Schedule Risk Analysis (SRA) is a simple yet effective technique to connect the risk information of project activities to the baseline schedule, in order to provide sensitivity information of individual project activities to assess the potential impact of uncertainty on the final project duration. A traditional schedule risk analysis requires four steps, as described in “Schedule Risk Analysis: How to measure your baseline schedule’s sensitivity?”, to report activity sensitivity measures that evaluate each activity’s time estimate on a scale of risk. These sensitivity measures can be used by the project manager to distinguish between risky and nonrisky activities in order to better focus on those activities that might have an impact on the overall project objective.
In this article, the Kendall's tau rank correlation cruciality index (CRI(τ) (tau)) calculations are illustrated on a fictitious example project network with 8 activities, as displayed in figure 1. The number above each node is the baseline duration estimate (in days).
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Figure 1: A fictitious example project network
The baseline schedule has a planned duration PD = 90 days and the critical path is equal to the activity sequence 1  2  5  8. However, the baseline schedule is only an estimate of the real project duration and hence, the real project duration and the critical path might differ from the baseline schedule estimates. Consequently, the critical path is a blackandwhite view on the critical parts of a project, and should be refined to capture more detailed sensitivity information.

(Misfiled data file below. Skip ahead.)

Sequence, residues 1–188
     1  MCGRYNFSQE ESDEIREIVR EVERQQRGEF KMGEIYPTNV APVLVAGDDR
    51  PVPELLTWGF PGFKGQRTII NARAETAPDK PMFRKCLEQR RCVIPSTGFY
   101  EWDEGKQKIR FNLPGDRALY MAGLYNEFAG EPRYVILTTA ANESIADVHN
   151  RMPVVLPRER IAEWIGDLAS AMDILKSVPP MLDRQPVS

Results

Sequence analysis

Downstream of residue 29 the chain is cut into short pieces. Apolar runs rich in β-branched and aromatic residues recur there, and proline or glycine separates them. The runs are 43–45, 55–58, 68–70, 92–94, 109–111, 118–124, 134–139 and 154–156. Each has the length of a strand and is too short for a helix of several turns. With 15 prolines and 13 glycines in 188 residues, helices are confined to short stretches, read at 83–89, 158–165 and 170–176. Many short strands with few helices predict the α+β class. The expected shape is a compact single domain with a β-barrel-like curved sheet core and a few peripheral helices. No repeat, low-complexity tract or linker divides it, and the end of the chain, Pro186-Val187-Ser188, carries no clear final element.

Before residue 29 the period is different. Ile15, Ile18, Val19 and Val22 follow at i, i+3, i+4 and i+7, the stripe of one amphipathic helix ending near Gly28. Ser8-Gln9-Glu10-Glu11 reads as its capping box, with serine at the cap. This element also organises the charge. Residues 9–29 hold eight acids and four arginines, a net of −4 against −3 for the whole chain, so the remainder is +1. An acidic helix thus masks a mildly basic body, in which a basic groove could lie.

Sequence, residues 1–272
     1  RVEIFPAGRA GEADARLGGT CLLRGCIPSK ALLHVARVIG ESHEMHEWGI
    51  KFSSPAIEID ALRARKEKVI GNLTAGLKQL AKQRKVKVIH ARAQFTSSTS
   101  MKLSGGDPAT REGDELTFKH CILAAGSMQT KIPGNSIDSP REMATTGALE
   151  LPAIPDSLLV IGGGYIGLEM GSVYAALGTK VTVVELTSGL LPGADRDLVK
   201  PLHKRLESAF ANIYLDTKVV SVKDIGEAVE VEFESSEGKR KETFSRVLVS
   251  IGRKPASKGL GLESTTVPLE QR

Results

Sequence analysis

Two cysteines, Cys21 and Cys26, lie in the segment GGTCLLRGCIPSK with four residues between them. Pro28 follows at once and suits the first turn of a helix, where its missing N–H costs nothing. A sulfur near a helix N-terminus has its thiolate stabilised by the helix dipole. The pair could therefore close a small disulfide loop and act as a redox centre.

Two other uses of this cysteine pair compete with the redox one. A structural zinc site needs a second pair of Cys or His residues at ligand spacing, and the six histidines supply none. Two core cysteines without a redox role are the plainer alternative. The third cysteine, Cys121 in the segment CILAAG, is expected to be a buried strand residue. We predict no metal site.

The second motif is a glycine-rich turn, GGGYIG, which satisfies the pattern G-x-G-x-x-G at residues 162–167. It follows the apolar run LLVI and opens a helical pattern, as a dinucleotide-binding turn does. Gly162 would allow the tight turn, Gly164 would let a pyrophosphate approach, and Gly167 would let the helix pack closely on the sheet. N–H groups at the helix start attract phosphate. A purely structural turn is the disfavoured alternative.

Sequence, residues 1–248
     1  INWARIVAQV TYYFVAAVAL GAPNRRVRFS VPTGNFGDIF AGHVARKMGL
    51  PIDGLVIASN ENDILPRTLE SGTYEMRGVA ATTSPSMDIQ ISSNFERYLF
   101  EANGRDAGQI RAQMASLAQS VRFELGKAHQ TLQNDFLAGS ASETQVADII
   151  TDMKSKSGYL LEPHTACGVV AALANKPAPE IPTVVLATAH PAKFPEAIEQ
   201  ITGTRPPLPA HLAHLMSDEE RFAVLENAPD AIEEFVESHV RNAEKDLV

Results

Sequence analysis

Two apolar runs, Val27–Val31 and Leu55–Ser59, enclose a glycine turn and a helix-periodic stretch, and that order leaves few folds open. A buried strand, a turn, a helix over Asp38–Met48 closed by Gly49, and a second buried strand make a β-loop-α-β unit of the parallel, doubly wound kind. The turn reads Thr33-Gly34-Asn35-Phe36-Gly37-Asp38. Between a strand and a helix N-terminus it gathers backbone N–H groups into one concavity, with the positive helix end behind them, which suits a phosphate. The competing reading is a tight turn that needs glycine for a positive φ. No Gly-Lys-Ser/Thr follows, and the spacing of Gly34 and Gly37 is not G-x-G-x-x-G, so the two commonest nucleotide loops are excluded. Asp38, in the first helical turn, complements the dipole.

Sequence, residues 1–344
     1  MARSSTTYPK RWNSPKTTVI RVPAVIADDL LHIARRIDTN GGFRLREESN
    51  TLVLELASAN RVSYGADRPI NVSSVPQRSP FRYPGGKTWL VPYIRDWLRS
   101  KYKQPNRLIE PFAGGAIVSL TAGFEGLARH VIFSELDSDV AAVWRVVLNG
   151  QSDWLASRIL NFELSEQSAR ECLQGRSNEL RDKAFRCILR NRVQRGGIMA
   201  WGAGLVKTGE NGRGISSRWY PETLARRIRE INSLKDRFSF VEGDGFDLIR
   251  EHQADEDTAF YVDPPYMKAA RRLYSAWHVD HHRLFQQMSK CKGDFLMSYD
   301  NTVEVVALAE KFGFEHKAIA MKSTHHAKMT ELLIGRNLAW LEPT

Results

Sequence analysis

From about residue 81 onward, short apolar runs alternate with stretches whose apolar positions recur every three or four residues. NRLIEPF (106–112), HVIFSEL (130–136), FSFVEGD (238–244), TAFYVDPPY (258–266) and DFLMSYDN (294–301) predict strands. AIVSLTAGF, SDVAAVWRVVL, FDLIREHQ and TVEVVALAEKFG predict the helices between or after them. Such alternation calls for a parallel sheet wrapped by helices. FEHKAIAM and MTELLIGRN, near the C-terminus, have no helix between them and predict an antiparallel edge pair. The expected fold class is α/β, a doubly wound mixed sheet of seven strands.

Cruciality index CRI(τ)
The cruciality index (CRI) is such a measure that calculates the correlation between the activity duration and the total project duration, as follows:
CRI = correlation(AvgAD, AvgSD)
with
x: The absolute value of x
AvgAD: Average activity duration
AvgSD: Average simulated project duration
This measure reflects the relative importance of an activity and calculates the portion of total project duration uncertainty that can be explained by the uncertainty of an activity, and can be measured in different ways.
One way to measure the
CRI(r) is the Pearson's productmoment which is a traditional measure of the degree of linear relationship between two variables (see “Measuring time sensitivity in a project: the cruciality index (Pearson’s productmoment)”). However, when it is conjectured that the relation between the variables is nonlinear, the Kendall's tau rank correlation CRI(τ) might be a good alternative. The CRI(τ) assumes that the values for the variables (i.e. activity durations and project durations) are converted to ranks, measures the degree of correspondence between two rankings and assesses the significance of this correspondence. The measure is a socalled nonparametric measure to deal with situations where the strict statistical assumptions of the parametric CRI(r) measure are not met.
The Kendall's tau rank correlation cruciality index CRI(τ) can be calculated as follows:
CRI(τ) = (4 * PairwiseComparisonValue) / {nrs * (nrs  1)}  1
with nrs the number of simulation runs.
The value for the variable PairwiseComparisonValue is calculated by performing ((nrs  1) + (nrs  2) + ... + 1) comparisons of activity and project duration values between the all simulation runs. In each comparison between simulation runs x and y, the following value VAL is calculated: